Monday, 26 March 2007

Flatten Out a Heirarchy using SYS_CONNECT_BY_PATH

In a recent application, we needed to model the Organisational Hierarchy which at its most complex ran to 7 levels deep. This was achieved using a self referencing foreign key (Pigs Ear) similar to that of the EMP table in the Scott schema. In essence, it simply stores the parent / child relationship for each entry in the Hierarchy.

This approach serviced the application very well in that a simply tree walk (CONNECT BY PRIOR) allowed us to construct the Hierarchical tree and bounce our requests off that.

During the production of the Discoverer End User Layer, it became evident that this Hierarchy needed to be flattened out (un-normalized) in order for it to reported on. This is because Discoverer (or any other BI product) does not support the CONNECT BY and START WITH clause. Discoverer needs to know how many levels exist within a Hierarchy and that every thread in the Hierarchy has the same number of levels in order to build a folder structure that can be reported on.

After a bit of investigation, I happened upon the: SYS_CONNECT_BY_PATH new in 9i

This can be used to construct the "Directory Path" for all values in the EMP table i.e. we can construct the reporting path for all employees in the EMP table

For Example:

SELECT empno, ename, job, SYS_CONNECT_BY_PATH (ename, '/') || '/' chain
FROM emp
START WITH mgr IS NULL
CONNECT BY PRIOR empno = mgr;


EMPNO ENAME JOB CHAIN
----- ------ ----- ---------------------
7839 KING PRESIDENT /KING/
7566 JONES MANAGER /KING/JONES/
7788 SCOTT ANALYST /KING/JONES/SCOTT/
7876 ADAMS CLERK /KING/JONES/SCOTT/ADAMS/
7902 FORD ANALYST /KING/JONES/FORD/
7369 SMITH CLERK /KING/JONES/FORD/SMITH/
7698 BLAKE MANAGER /KING/BLAKE/
7499 ALLEN SALESMAN /KING/BLAKE/ALLEN/
7521 WARD SALESMAN /KING/BLAKE/WARD/
7654 MARTIN SALESMAN /KING/BLAKE/MARTIN/
7844 TURNER SALESMAN /KING/BLAKE/TURNER/
7900 JAMES CLERK /KING/BLAKE/JAMES/
7782 CLARK MANAGER /KING/CLARK/
7934 MILLER CLERK /KING/CLARK/MILLER/

14 rows selected.



From here, we can simply parse the CHAIN string to work out what our Hierarchy would look like to any number of levels. The following function can be used to construct out flat Hierarchy

CREATE OR REPLACE FUNCTION parse_string (
pv_str_i IN VARCHAR2 DEFAULT NULL,
pv_first_occ IN NUMBER DEFAULT NULL,
pv_last_occ IN NUMBER DEFAULT NULL
)
RETURN VARCHAR2
IS
lv_retval VARCHAR2 (4000);
lv_str VARCHAR2 (4000);
lv_tester VARCHAR2 (4000);
lv_substr_pos1 NUMBER;
lv_substr_pos2 NUMBER;
BEGIN
SELECT INSTR (pv_str_i, '/', 1, pv_first_occ)
INTO lv_substr_pos1
FROM DUAL;

SELECT INSTR (pv_str_i, '/', 1, pv_last_occ)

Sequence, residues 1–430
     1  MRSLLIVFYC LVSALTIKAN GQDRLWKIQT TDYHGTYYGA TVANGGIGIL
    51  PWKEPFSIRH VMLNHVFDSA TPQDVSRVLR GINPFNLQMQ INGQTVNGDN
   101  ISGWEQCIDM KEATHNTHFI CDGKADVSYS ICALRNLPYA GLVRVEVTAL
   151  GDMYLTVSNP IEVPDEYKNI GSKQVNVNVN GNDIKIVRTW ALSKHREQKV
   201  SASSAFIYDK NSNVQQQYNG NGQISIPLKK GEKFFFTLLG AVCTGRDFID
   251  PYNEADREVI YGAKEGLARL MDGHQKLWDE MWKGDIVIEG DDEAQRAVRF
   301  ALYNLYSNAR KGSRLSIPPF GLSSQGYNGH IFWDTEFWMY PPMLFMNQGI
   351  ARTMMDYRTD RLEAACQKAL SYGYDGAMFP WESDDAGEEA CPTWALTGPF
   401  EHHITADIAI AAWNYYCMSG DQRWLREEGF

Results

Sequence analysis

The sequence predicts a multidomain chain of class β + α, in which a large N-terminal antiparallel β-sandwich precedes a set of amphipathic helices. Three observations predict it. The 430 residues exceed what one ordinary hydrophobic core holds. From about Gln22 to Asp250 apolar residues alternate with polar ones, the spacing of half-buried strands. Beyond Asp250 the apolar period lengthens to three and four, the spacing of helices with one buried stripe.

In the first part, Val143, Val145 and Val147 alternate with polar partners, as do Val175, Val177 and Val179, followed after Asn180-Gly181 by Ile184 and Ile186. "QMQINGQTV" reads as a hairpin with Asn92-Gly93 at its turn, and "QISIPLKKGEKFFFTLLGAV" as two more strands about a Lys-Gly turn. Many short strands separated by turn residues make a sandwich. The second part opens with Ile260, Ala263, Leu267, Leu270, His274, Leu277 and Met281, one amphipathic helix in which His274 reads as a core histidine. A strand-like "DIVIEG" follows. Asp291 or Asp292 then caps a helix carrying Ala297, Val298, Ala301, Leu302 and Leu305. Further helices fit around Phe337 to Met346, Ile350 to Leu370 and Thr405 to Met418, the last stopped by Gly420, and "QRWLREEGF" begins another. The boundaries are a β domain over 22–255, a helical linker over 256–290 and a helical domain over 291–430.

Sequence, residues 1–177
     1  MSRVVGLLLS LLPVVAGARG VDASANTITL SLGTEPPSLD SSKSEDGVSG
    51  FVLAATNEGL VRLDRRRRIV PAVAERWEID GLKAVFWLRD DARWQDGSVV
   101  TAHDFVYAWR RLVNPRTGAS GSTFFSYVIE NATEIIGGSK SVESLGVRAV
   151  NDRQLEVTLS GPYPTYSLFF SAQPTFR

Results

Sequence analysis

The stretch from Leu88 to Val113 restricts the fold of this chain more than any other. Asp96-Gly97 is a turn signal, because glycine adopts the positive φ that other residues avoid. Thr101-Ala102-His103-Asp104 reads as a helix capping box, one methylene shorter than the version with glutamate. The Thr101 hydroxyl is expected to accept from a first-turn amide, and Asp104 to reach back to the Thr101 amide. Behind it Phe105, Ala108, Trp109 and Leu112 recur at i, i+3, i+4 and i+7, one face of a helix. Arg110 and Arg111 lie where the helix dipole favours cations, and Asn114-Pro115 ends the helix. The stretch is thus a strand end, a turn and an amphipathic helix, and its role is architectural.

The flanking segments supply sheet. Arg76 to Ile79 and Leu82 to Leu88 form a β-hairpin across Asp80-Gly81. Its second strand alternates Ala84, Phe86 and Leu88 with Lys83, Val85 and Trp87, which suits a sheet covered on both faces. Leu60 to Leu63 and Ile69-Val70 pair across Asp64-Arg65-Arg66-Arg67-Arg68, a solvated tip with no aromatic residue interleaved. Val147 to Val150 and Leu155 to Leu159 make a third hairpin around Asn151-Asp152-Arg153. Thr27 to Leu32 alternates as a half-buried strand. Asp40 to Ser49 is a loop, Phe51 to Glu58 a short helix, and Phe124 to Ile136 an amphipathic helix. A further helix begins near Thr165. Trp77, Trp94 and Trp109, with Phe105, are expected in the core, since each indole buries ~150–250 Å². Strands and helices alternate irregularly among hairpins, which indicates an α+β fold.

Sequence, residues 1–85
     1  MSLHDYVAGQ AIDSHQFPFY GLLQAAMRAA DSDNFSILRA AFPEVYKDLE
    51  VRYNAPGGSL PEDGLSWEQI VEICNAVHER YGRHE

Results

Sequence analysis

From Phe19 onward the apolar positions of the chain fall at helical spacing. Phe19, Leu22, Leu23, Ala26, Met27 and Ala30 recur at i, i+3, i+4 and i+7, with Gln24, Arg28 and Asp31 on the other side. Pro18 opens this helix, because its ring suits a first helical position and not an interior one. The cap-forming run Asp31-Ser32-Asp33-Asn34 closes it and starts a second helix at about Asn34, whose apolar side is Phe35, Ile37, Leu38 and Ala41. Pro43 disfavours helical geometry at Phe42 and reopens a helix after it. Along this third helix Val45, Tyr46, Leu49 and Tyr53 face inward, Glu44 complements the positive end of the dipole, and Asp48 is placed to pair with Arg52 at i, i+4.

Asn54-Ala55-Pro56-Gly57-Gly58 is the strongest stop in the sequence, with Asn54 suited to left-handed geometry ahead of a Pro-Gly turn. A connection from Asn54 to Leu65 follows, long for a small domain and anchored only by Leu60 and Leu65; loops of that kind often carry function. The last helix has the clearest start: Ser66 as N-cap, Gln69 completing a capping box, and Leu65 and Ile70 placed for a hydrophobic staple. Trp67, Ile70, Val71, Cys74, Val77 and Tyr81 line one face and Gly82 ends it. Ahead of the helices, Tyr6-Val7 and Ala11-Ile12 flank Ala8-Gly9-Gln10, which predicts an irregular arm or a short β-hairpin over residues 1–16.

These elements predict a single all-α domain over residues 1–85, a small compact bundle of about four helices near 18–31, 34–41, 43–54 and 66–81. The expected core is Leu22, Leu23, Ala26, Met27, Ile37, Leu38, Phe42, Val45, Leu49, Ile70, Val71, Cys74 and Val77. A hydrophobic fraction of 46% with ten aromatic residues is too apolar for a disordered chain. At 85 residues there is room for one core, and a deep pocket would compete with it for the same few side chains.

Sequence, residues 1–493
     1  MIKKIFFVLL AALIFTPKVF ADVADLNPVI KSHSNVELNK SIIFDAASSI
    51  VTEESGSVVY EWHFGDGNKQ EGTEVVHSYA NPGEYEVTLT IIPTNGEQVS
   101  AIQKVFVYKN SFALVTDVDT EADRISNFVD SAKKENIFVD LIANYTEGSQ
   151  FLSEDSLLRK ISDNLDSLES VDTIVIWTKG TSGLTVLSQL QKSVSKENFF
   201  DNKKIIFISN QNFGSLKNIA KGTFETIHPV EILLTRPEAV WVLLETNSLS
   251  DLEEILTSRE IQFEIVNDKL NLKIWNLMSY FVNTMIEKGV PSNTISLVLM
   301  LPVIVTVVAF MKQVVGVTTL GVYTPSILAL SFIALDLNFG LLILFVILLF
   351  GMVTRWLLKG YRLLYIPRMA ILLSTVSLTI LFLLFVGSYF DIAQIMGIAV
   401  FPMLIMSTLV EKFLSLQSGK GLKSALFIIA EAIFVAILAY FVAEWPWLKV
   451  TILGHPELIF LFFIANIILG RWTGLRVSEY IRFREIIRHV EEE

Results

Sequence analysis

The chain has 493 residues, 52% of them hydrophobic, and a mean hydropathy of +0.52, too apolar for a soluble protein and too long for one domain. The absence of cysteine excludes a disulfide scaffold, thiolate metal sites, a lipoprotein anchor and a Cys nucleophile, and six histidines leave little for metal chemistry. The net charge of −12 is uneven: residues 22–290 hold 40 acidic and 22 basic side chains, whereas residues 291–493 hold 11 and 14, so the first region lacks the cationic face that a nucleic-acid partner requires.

INTO lv_substr_pos2
FROM DUAL;

lv_tester :=
SUBSTR (pv_str_i, lv_substr_pos1 + 1,
(lv_substr_pos2 - lv_substr_pos1));

lv_str := REPLACE (lv_tester, '/', NULL);

RETURN lv_str;
END parse_string;
/

If we wanted to then create a flat hierarchy to 3 levels deep, we can simply then write a query like follows:

SELECT chain,
NVL (parse_string (chain, 1, 2), '<- ' || ename) level1,
NVL (parse_string (chain, 2, 3), '<- ' || ename) level2,
NVL (parse_string (chain, 3, 4), '<- ' || ename) level3
FROM (SELECT empno, ename, job,
SYS_CONNECT_BY_PATH (ename, '/') || '/' chain
FROM emp
START WITH mgr IS NULL
CONNECT BY PRIOR empno = mgr);

CHAIN LEV1 LEV2 LEV3
---------------------- ---- ---- ----
/KING/ KING <- KING <- KING
/KING/JONES/ KING JONES <- JONES
/KING/JONES/SCOTT/ KING JONES SCOTT
/KING/JONES/SCOTT/ADAMS/ KING JONES SCOTT
/KING/JONES/FORD/ KING JONES FORD
/KING/JONES/FORD/SMITH/ KING JONES FORD
/KING/BLAKE/ KING BLAKE <- BLAKE
/KING/BLAKE/ALLEN/ KING BLAKE ALLEN
/KING/BLAKE/WARD/ KING BLAKE WARD
/KING/BLAKE/MARTIN/ KING BLAKE MARTIN
/KING/BLAKE/TURNER/ KING BLAKE TURNER
/KING/BLAKE/JAMES/ KING BLAKE JAMES
/KING/CLARK/ KING CLARK <- CLARK
/KING/CLARK/MILLER/ KING CLARK MILLER

14 rows selected.


And now we have a table that can be used to report on with BI products such as Discoverer

4 comments:

Anonymous said...

Thanks for this, it was very helpful!!

Anonymous said...

Just hunting for a similar solution myself and happened on the code. Gives me some good ideas so thanks..

That said I thought I'd leave you a performance related note about the two queries inside your function:

SELECT INSTR (pv_str_i, '/', 1, pv_first_occ)
INTO lv_substr_pos1
FROM DUAL;

SELECT INSTR (pv_str_i, '/', 1, pv_last_occ)
INTO lv_substr_pos2
FROM DUAL;

Using "select from dual" to reference INSTR is not really necessary as INSTR is a native PL/SQL function and can be called directly within the block.

This will save two parses for each call to the function. Not much if you're running it on EMP but quite a bit if you're referencing large tables and calling it multiple times per record.. :-)

(Plus it's a good habit not to select from dual unless you have to :-> )

Cheers,
Steve.

Duncan Mein said...

Thanks for the comments Steve. I see what you are saying and your are correct. This example was knocked together fairly quickly so I don't doubt that there is room for improvement. I will get it changed once I get a couple of mins.

Regards

Duncan

Kevin Woodard said...

Fantastic solution to a problem that I have been using PhP to resolve for ages.